There are many mysteries, some solved, some unsolved up to this day regarding the 1804 silver dollars. Compared to other issues from the Philadelphia Mint, facts are scarce. We know that the first batch of coins, known as “Class I”, included pieces that were struck for diplomatic purposes, although some also appear to have served other needs (collectors or influential men in Philadelphia). The date of striking for these pieces took place sometime after November 11, 1834. On that date two sets had been requested by the State Department. The total mintage is of Class I 1804 Silver Dollars is unknown, but at present eight individual examples have been identified, five of which are in private collections. One piece is in the Smithsonian collection (it was retained for the Mint collection immediately after striking), another is in the collection of the American Numismatic Association, and a third is in the Durham Western Heritage Museum in Omaha, Nebraska. These pieces were struck on planchets of the pre-1837 weight standard and have a lettered edge. These are all struck from a single reverse die which appears to have been destroyed after striking.
Only a single specimen is known of the “Class II” group, currently in the Smithsonian Institution, making this class uncollectable. It is known to have been struck after 1857, most likely around 1858, as it is overstruck on a so-called “Shooting Thaler” of Bern, Switzerland, dated 1857. This piece has a plain edge, and is believed to have been the illegal product of Mint employee Theodore Eckfeldt (probably assisted by others), who might have struck as many as ten or fifteen 1804 Silver Dollars in the late 1850s. Eckfeldt had apparently sold them for $75 each, a healthy profit, it seems. When the existence of the coins was discovered, Mint Director James R. Snowden ordered them to be destroyed. Only the coin, which would eventually reside within the Smithsonian Institution collection managed to survive.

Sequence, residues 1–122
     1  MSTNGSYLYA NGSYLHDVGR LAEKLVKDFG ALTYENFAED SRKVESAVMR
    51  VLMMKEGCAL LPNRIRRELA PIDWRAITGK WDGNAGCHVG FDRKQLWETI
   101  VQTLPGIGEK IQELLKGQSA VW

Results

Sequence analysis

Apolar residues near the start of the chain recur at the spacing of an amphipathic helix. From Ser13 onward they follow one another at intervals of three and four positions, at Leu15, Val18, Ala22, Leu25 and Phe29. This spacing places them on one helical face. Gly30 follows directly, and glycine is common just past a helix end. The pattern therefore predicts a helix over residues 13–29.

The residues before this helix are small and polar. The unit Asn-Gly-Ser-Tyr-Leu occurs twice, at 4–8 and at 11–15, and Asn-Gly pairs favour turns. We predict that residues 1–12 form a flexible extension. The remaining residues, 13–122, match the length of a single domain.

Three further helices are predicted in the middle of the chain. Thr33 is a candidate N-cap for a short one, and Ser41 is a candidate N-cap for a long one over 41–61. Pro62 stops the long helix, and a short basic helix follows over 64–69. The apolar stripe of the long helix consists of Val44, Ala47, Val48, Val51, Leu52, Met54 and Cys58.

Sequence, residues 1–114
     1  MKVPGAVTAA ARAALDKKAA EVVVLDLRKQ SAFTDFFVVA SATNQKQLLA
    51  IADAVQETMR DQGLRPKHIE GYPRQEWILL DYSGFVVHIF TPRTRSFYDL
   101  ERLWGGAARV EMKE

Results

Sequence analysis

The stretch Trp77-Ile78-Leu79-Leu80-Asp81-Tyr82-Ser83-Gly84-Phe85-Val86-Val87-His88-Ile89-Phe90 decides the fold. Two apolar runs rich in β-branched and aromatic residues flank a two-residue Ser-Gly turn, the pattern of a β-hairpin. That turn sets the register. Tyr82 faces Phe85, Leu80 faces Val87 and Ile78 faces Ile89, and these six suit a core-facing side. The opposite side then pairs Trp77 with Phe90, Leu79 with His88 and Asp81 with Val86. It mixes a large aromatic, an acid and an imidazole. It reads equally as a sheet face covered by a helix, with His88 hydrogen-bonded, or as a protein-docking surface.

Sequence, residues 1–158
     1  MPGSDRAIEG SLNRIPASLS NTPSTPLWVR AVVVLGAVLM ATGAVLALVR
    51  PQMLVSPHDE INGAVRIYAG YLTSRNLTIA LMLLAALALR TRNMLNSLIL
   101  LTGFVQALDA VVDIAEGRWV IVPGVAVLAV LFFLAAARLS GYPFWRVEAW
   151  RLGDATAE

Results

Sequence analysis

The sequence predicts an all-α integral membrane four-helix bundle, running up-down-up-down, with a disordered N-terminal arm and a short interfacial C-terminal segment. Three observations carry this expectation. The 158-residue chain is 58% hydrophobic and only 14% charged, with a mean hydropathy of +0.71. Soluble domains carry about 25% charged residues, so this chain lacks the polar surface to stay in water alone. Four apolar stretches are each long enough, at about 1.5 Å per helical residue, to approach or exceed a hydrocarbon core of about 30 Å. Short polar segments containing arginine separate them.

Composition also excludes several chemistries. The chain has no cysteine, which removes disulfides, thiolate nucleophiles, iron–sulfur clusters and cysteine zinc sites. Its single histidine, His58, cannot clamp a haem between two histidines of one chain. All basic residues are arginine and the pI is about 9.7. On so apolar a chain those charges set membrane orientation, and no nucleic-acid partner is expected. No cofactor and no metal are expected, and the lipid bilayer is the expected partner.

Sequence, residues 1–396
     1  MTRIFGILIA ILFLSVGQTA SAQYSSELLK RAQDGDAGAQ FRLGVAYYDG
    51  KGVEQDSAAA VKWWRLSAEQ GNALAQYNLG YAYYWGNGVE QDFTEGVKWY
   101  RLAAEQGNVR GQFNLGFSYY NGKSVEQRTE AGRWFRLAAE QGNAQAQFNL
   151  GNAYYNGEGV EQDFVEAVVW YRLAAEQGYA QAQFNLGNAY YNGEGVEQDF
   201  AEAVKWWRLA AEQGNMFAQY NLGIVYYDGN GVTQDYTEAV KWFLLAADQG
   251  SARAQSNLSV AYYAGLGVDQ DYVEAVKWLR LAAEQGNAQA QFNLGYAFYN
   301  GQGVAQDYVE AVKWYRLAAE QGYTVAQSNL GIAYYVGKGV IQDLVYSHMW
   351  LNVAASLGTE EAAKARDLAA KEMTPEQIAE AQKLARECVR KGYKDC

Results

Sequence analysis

It is believed that after Snowden discovered the illegal activities of Eckfeldt, the dies remained in Eckfeldt’s possession. Sometime around 1859, or perhaps as late as 1860, he managed to acquire dollar blanks from the coiners vault. These were of the new weight, and were meant to be used for mintage of regular Liberty Seated Silver Dollars. A minimum of six pieces were struck (the total number of pieces known today), which would be known as “Class III” specimens. To prevent easy discovery the edges of the coins were crudely lettered. Research has revealed that it might have been possible that some pieces were struck after Snowden had left the Mint, being part of a large number of restrikes made in the early 1870’s. This, however, remains unconfirmed. Three of the Class III 1804 Silver Dollars reside in museum collections, while three are currently owned by private collectors. Four of the six known examples display artificial wear; perhaps this was done to make it easier to sell them to collectors as Mint products.